The German Council for Sustainable Development (RNE) periodically outlines its Work Programme for medium-term tasks. After being newly constituted in June, the Council's first session of its legislative period was held on 8 and 9 September 2010. The Work Programme was discussed and a variety of initial work steps agreed on.

Below is an editorial summary of the content of the Council’s approaches and targets as summarised by the head office.
 

Contents

1. Political points of reference for the work of the German Council for Sustainable Development, 2010-2013

2. Overarching issues relevant to the Council’s work

3. Individual priority issues for the German Council for Sustainable Development
   The project: "Vision 2050. DialogeZukunft"
   "Germany - a resource country?"
   Green economy, consumption and lifestyles
   Sustainable city / lord mayors for sustainability
   Fiscal sustainability strategies
   Demographic development, health, public services
   Energy, climate, water, mobility
   Land resources in Germany
   "Education for sustainable development", integration, cultural diversity
   Civil involvement, culture of recognition
   Parliament and sustainabiltiy
   Statements on the political processes of the Sustainability Strategy
   Annual conferences & other communications activities
   Werkstatt N
 

1. Political points of reference for the work of the German Council for Sustainable Development, 2010-2013

The social dialogue on sustainable development issues and processes should be intensified. This is also the wish of the Federal Government. The Council’s time-tested work with interesting combinations of dialogue partners is to be continued and the flow of information between departments and the Council intensified.

The Council will also continue to actively contribute to updating the National Sustainability Strategy. For 2010/2011, the Federal Government planned two consultation phases on the Progress Report. The Council will be involved in both phases. In addition, fundamental questions relating to how sustainability can be institutionalised in society, politics and the economy, especially the “soft” links, e.g. between the sustainability strategies at the federal and state levels, will need to be addressed further.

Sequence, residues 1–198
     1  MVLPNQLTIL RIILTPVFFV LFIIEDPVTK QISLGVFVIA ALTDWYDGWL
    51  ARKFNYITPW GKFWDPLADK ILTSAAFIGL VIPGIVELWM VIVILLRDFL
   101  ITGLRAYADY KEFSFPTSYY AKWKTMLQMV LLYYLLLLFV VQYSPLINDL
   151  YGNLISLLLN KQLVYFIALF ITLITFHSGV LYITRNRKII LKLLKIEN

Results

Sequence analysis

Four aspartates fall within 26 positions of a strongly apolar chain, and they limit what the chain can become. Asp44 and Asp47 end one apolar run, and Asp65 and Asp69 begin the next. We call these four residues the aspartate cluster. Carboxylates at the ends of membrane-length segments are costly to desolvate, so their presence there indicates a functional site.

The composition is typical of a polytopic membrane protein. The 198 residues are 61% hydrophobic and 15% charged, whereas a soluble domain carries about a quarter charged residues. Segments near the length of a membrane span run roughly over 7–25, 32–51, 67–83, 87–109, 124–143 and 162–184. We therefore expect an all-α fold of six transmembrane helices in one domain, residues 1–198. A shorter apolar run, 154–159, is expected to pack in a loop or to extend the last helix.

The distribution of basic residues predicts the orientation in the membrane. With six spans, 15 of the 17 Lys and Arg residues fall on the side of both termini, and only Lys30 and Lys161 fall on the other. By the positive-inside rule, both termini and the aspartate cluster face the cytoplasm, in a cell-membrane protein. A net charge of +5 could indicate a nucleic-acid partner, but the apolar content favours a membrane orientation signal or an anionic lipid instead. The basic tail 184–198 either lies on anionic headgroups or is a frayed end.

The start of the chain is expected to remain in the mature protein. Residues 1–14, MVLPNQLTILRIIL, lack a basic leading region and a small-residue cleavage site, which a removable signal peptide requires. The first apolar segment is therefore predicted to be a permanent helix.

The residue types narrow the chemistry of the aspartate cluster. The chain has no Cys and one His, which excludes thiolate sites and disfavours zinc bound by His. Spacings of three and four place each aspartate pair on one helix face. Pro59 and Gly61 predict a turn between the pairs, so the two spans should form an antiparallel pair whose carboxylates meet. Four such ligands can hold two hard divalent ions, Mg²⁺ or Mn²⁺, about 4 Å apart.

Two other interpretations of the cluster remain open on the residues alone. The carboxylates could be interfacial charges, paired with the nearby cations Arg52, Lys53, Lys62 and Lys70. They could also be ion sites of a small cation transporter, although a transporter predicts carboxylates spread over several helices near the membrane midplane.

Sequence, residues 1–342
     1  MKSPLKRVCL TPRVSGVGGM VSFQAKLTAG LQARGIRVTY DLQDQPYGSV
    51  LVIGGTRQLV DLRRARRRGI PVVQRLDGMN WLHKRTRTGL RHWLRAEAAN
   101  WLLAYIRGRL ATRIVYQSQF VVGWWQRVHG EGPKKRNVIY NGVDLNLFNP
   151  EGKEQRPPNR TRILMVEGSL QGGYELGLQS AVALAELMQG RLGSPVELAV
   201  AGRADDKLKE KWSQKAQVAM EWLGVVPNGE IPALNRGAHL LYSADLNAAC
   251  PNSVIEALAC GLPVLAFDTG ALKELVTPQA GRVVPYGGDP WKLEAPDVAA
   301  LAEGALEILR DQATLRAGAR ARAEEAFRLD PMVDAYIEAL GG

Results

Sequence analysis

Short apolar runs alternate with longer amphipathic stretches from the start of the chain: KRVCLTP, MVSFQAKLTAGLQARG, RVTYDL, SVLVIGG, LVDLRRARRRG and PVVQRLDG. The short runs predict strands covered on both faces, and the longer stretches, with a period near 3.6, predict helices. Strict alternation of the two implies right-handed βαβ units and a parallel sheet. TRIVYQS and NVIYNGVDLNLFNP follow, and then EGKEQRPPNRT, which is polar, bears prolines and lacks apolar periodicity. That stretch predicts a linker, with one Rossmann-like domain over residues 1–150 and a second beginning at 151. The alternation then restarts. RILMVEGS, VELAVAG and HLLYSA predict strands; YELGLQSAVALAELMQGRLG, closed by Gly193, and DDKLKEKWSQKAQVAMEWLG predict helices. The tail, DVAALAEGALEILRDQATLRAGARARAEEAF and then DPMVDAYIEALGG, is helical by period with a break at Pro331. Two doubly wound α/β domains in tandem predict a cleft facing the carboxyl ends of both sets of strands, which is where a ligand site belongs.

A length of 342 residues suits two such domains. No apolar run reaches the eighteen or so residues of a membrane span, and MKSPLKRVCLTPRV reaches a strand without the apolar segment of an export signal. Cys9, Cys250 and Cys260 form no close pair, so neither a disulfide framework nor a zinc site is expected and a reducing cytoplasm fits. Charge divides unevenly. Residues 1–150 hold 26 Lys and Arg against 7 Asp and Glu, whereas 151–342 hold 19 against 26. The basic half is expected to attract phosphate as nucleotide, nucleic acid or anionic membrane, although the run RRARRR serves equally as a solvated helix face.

The United Nations Conference on Sustainable Development scheduled for 2012 (UNCSD 2012) is a vital point of reference for the work of the German Council for Sustainable Development. At the heart of the matter are the principles for a green economy (UN) and the question as to what institutional structures are suited for linking national action and the international dimension.
 

2. Overarching issues relevant to the Council’s work

The social dialogue on sustainability cannot restrict itself to discussing targets and indicators or initiating projects. It must likewise focus on discussing and shaping opinions on several, in part very fundamental, issues.

Being able to map out visions for a sustainable future requires having an understanding within society of values such as progress, rationality, culture and growth, but also of how to deal with knowledge, responsibility and the notion of sustainability in general. This includes attitudes within society toward technology and large-scale engineering projects or even the long-term prospects of undesirable developments in, for example, investments or the building stock.